Heathers falls prey to an assumption that's pretty pervasive in high school genre flicks: that all high school kids, from the 7th graders to the seniors, are equally barbaric to each other. I don't buy this. Maybe my senior high school years were sheltered, but no one was really that horrible to me. I endured the same insecurities I assume my peers did, but most of my highly tragic inner turmoil was self-inflicted; no one else really messed with me. That's why I'm always a little skeptical regarding movies about the wanton cruelty of 11th and 12th graders. By the time kids are talking about college, most have matured beyond torturing each other for the sheer joy of it. The kind of malicious cafeteria politics depicted in films like Heathers (or the more recent, and funnier, Mean Girls) as taking place between older kids seems more suited to 7th or 8th graders. In my experience, by the time they're old enough to drive, high schoolers more closely resemble the characters of Daria, Election or The Breakfast Club -- they endure tiffs and rivalries, but they don't dogmatically despise less "popular" classmates simply by virtue of their existence.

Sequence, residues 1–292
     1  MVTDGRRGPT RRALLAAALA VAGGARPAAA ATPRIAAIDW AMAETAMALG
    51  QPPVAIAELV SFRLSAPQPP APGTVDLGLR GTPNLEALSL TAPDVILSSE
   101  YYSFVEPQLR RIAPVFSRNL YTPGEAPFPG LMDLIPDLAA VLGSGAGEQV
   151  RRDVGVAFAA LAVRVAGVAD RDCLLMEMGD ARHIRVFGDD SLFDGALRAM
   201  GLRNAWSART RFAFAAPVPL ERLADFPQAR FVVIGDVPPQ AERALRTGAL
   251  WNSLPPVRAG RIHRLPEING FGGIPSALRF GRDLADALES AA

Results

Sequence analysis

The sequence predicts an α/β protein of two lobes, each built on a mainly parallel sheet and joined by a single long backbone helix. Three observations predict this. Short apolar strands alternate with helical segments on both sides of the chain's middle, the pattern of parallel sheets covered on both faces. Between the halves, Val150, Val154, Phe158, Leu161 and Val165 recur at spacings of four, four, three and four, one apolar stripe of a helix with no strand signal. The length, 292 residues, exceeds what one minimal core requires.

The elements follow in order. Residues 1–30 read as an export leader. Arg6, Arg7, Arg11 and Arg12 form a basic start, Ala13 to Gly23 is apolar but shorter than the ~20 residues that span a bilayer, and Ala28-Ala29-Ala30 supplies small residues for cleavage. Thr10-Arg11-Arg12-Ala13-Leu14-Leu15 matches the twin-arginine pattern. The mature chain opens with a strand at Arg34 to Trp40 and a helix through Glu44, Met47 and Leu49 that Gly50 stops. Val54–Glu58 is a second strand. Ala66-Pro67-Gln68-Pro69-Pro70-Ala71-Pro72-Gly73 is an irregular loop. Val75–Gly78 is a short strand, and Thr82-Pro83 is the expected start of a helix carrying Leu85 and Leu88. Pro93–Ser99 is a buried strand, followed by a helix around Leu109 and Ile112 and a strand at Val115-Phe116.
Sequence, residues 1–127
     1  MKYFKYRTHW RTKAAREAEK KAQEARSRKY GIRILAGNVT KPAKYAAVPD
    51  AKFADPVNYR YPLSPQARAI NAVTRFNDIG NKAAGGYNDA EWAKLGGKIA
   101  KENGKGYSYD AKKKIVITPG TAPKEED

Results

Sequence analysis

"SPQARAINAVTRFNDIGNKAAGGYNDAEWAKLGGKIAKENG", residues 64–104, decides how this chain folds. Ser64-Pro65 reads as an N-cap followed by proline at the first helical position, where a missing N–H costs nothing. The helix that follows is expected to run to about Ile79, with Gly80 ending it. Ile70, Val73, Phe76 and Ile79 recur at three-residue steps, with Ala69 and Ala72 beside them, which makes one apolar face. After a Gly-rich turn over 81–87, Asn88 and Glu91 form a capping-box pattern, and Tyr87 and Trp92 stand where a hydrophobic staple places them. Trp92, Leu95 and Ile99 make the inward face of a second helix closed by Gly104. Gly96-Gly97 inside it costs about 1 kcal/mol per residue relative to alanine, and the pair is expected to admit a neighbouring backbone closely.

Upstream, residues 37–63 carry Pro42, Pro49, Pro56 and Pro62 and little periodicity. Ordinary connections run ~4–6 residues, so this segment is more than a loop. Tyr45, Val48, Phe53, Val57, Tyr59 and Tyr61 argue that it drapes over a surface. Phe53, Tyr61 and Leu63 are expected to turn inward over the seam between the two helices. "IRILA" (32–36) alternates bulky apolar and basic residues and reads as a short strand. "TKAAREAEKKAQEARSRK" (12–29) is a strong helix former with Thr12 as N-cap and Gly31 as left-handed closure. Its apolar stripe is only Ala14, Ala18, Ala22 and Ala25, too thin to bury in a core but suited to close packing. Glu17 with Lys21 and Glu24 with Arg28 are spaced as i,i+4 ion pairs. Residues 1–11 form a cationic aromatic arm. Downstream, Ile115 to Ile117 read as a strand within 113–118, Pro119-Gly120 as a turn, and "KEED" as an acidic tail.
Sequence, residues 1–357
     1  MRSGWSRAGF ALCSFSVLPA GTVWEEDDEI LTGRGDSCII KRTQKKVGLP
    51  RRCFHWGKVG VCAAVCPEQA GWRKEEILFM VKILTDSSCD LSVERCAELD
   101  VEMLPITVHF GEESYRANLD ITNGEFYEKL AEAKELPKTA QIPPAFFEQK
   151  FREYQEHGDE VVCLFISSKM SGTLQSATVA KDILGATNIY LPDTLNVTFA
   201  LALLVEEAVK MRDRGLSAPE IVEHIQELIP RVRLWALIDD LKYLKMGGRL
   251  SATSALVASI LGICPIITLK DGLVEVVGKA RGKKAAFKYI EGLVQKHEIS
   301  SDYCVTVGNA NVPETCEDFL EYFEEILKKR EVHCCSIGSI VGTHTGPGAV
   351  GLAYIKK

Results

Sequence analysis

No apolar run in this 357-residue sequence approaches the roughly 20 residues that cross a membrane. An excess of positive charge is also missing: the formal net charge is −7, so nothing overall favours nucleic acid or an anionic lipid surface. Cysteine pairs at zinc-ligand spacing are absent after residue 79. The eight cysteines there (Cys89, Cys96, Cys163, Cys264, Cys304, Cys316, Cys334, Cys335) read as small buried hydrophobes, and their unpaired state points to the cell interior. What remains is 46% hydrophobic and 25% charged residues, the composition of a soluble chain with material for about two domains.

Heathers has a fantastic script, not a single line of which sounds like anything a real human being would ever say, some ravishingly bizarro costumes, and a bevy of drop-dead (hee hee) gorgeous actresses who do not resemble any 16-year-old who ever walked this planet. Best of all, its heart is in entirely the wrong place. This movie is not interested in exploring the deep, underlying causes of teenage anguish. It doesn't want to make you feel better. Instead, it's an extended snigger at the expense of the common enough adolescent misconception that unhappiness is somehow ennobling. Self-destruction is one of this society's last sacred cows, and Heathers' amoral inconclasm is occasionally obnoxious, but also endearing in spite of itself. Its heroines are from a different, darker valley than the Disney dolls who populate teen movies nowadays: they drink and have sex, and how complicit Veronica is in Heather Chandler's murder is admirably left ambiguous. All in all, I do recommend Heathers, although it can be more bewildering than enjoyable. I'll stand by any movie where a band called Big Fun releases the single "Teenage Suicide: Don't Do It!"

Suspenders: are they right for you?